9 August, 2018
Message on the 73rd Anniversary of the Atomic Bombing of Nagasaki and Hiroshima
My last year’s message on the 72nd Anniversary of the Atomic Bombing of Nagasaki and Hiroshima hailed the conclusion of the first-ever Treaty on the Prohibition of Nuclear Weapons, open for signature on 20 September 2017. To date, 59 countries have signed the Treaty, 11 of which have ratified and become parties to the Treaty. Once the Treaty is accepted by the requisite 50 parties, it will come into force among its parties which will no longer be able to develop, test, manufacture, or possess nuclear weapons, or threaten to use them, or allow any nuclear weapons to be stationed on their territory. Nuclear weapons will become, officially, illegal under international law. None of the countries currently in possession of nuclear weapons are signatories or parties to the Treaty, unfortunately. Neither are the countries (including Japan and the Republic of Korea) living under “nuclear umbrellas” under the “nuclear deterrence” theory, whereby nuclear weapons in possession of their respective allies serve to deter any potential armed attacks, including nuclear attacks, against them.
The Summit between US President Donald Trump and North Korean Leader Kim Jong-un in June 2018 has been praised as a landmark for world peace—with the prospect of nuclear disarmament in the Korean Peninsula looking most promising after several decades of fears of a possible nuclear war waged by or against North Korea. It also bears testimony to the lack of any justification to acquire and maintain extremely expensive nuclear arsenals when the people in the countries with nuclear weapons continue to starve, lack adequate healthcare, and have their human rights ignored.
Since the Sata Foundation’s vision is for the total elimination of nuclear weapons, we praise every effort to accomplish this goal, hoping that the approximately 15,000 nuclear war heads now in stockpiles across the globe will be demolished or de-commissioned very soon. Please remember the unfathomable sufferings of the civilians of Hiroshima and Nagasaki in Japan who were victims of the world’s only actual nuclear bombings. Just look at the Sata Foundation’s logo which depicts a picture of the head of the statue of the Madonna of the Urakami Church in Nagasaki that was totally destroyed when the atomic bomb exploded some 500 metres away on 9 August 1945. The Madonna of Nagasaki is a powerful symbol for humanitarianism – for a world living in peace, without nuclear weapons, but with the proper use of science and technology as well as the allocation of scarce resources for the betterment of humankind.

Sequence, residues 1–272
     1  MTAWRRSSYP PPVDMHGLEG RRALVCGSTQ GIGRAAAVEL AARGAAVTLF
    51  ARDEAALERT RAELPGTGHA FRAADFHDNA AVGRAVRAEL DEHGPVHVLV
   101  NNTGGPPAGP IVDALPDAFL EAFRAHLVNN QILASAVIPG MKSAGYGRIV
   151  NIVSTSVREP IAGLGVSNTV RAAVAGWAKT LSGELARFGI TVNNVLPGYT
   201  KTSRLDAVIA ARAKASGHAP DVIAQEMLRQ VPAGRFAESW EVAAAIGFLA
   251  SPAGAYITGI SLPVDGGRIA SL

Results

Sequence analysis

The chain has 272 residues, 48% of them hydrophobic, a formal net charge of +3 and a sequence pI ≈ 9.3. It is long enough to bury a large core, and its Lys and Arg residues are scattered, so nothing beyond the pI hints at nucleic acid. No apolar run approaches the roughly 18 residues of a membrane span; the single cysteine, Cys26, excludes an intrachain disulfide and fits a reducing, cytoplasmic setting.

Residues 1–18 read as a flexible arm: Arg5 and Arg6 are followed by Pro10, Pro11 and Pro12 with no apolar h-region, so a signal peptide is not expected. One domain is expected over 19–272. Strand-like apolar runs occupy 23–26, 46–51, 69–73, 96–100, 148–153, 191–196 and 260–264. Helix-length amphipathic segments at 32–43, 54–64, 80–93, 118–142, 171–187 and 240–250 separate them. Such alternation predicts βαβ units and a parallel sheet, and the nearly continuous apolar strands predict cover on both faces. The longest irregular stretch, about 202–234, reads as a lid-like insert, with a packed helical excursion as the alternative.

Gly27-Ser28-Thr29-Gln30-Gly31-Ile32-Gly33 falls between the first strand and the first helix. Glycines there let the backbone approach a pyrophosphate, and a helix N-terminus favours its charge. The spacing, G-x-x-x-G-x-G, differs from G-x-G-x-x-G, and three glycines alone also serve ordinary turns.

This year, UNESCO has listed among the world’s cultural heritage the hidden Christian sites in the Nagasaki region, located in the northwestern part of Kyushu island and whose 12 components consist of ten villages, Hara Castle and a cathedral, built between the 16th and 19th centuries, reflecting the earliest activities of Christian missionaries and settlers in Japan. These sites are recognized by UNESCO as unique testimony to a cultural tradition nurtured by hidden Christians in the Nagasaki region who secretly transmitted their faith during the period of prohibition from the 17th to the 19th century. The statue of the Madonna of Nagasaki, found in the same Nagasaki region as the aforesaid hidden Christian sites, may not be a “site”, but over 21,500 persons have agreed that this Madonna deserves the same kind of international recognition as the Hiroshima Peace Memorial (Genbaku Dome), which has been listed as a UNESCO World Heritage since 1996, and as any other worldly objects so recognized by UNESCO.
The Sata Foundation will continue to pursue our humanitarian and peace mission. As one of the events to support world peace, our annual Bicycle Race for Peace in Chailly-sur-Armançon, France, to commemorate the 73rd anniversary of the atomic bombings of Hiroshima and Nagasaki (www.courirpourlapaix.com) was held on Saturday 28 July 2018, with, as in the past 13 years, approximately 400 cyclists taking part. Proceeds from the Bike Race for Peace go to support the Sata Foundation’s mission.
Your kind support for the Sata Foundation would be much appreciated.
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